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San Antonio Business Journal – August 2009
Five Minutes With — Robert C. Cadena Jr. - 'Investing in Retirement'

With the recession hanging over the nation’s head, a May 2009 Pew Research Center national survey found that 37 percent of full-time employed adults of all ages said they had thought in the past year about postponing their eventual retirement. Interestingly, the survey found that it wasn’t how much people earned — but how much they lost in the investment market meltdown— that determined whether they were re-thinking retirement plans. So how do you invest for retirement in way that allows you to be prepared for all types of markets? Robert C. Cadena Jr. spent a few minutes with the Business Journal talking about just that. Cadena is the co-founder, president and CEO of Retirement Solutions and a registered representative of INVEST Financial Corporation (INVEST). He holds a bachelor’s in business administration from Texas State University and previously worked for 10 years as an investment adviser with MassMutual Financial Group. Note: Cadena’s views are his personally and not necessarily those of INVEST, a Tampa-based financial services broker-dealer with professionals nationwide. INVEST is not affiliated with Retirement Solutions.

Q. Advice for people worried about the strength of their employee retirement plans?

A. It is not usually the strength of the retirement plans that cause people problems, but the choices that the employee makes. Often, because there is no one to advise an employee, his or her choice of funds may not fit their investment objectives or financial goals. Some employees like to move their funds around, going from invested funds to cash and back. The result: The employee typically acts on emotion rather than focusing on long-term investment objectives. Continuing to buy stocks when the market is down can be good for investors. The reason: they can buy more shares with each dollar invested. Do not buy company stock in your retirement plan. Often the match is done with company stock, and if you choose that option, you have a lot of risk owning just one company.

Q. What are key ages for which people should target in retirement planning?

A. Typically, the earlier the better, but certainly by 45. Most people wanting to retire between the ages of 55-65 may start planning for retirement 10-20 years before they retire. Five years before retirement is the time when someone should sit down with an adviser and analyze how to take money that may have been used for growth and slowly allocate it into money that will be used for retirement.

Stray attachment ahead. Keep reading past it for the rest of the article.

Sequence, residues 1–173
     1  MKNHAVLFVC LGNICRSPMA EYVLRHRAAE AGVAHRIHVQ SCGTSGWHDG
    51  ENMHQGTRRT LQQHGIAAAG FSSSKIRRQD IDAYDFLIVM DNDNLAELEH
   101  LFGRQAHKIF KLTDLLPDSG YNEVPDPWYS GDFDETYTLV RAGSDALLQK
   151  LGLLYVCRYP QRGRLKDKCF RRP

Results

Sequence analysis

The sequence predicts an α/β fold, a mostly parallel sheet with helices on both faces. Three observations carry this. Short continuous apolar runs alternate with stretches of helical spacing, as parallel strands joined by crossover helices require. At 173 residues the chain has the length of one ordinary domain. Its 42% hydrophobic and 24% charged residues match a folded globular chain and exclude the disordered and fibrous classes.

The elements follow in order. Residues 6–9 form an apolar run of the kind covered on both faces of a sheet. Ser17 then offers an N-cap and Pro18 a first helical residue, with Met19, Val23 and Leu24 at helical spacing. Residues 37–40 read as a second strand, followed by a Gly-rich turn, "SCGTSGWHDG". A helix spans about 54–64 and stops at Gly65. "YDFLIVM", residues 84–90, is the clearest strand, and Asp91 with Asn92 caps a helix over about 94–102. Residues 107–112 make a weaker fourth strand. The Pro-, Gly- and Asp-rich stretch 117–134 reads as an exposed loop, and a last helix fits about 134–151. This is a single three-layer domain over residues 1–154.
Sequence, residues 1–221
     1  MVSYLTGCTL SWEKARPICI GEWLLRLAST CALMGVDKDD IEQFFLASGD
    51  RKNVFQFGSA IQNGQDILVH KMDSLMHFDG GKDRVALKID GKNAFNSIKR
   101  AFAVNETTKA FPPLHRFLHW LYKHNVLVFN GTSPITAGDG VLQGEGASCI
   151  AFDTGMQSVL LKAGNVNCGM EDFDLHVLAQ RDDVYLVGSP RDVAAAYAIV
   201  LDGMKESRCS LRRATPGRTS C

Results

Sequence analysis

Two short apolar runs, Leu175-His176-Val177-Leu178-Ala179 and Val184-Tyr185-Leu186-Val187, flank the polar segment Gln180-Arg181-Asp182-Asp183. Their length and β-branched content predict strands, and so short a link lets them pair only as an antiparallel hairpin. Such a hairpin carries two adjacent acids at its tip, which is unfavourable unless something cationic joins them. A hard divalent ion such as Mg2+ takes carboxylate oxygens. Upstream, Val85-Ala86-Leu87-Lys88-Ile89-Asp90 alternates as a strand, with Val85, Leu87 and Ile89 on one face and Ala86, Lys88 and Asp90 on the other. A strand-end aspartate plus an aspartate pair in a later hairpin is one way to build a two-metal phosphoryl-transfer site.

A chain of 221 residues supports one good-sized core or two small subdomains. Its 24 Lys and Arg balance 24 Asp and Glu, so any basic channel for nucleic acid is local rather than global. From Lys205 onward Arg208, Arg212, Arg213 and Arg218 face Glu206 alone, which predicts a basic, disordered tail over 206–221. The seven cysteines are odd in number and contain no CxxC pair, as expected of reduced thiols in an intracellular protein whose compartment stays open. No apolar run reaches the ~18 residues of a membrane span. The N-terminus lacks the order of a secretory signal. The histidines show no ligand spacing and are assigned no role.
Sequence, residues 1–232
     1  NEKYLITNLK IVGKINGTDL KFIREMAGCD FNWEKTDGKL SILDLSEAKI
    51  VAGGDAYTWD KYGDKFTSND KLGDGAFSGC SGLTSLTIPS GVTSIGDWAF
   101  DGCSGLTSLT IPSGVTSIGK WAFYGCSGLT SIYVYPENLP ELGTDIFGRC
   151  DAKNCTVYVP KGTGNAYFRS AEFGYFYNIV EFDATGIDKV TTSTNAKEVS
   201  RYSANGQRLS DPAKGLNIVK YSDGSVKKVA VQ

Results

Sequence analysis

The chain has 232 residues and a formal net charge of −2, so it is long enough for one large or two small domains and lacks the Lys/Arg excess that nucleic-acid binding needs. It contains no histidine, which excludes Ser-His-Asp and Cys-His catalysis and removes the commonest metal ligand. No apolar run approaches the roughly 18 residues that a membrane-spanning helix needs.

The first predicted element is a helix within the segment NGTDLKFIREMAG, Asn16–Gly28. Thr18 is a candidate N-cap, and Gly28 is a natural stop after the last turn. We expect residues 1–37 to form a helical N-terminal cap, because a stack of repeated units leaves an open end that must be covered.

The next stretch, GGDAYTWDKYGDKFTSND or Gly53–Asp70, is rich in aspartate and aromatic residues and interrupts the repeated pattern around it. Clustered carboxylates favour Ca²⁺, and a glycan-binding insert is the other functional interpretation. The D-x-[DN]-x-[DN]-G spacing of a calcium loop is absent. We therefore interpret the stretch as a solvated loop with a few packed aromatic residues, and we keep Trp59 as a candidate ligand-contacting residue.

Q. How can people make the most of the recession?

A. Depending on your financial circumstance, continue to invest. Right now many stocks may be undervalued and can have a lot of room to make up. If individuals invest in their 401ks on a bi-weekly basis, they will dollar-cost average their money into their retirement plan and buy the funds at a cheaper price today than they would have last year. If you are closer than 10 years from retirement, you are facing a different scenario and should review your situation carefully. You may need to save more.

Q. Dispel a myth about retirement planning.

A. Most people don’t plan to fail, they fail to plan. Most people don’t like to plan because it is a reality check.

Q. Any new products or trends?

A. There is a lot of talk about whether strategic allocation, meaning holding a percentage of stocks and bonds and maintaining it, still works. There has been no place to hide in this latest market, with both stocks and bonds falling together. The alternative is tactical allocation, which means moving money between stocks and bonds based on market conditions. Trying to time the market does not guarantee profit. It can mean that, in certain instances, it is more beneficial overall to take profits as available or reallocate into other segments of the market that may be outperforming your existing investments. People that try to reallocate without the help of a professional adviser may rely on the “buzz” from the press and financial vendors, only then to realize the difficulty of finding quality in this area.

Five Minutes is a regular Special Report feature. For more information, contact Donna J. Tuttle at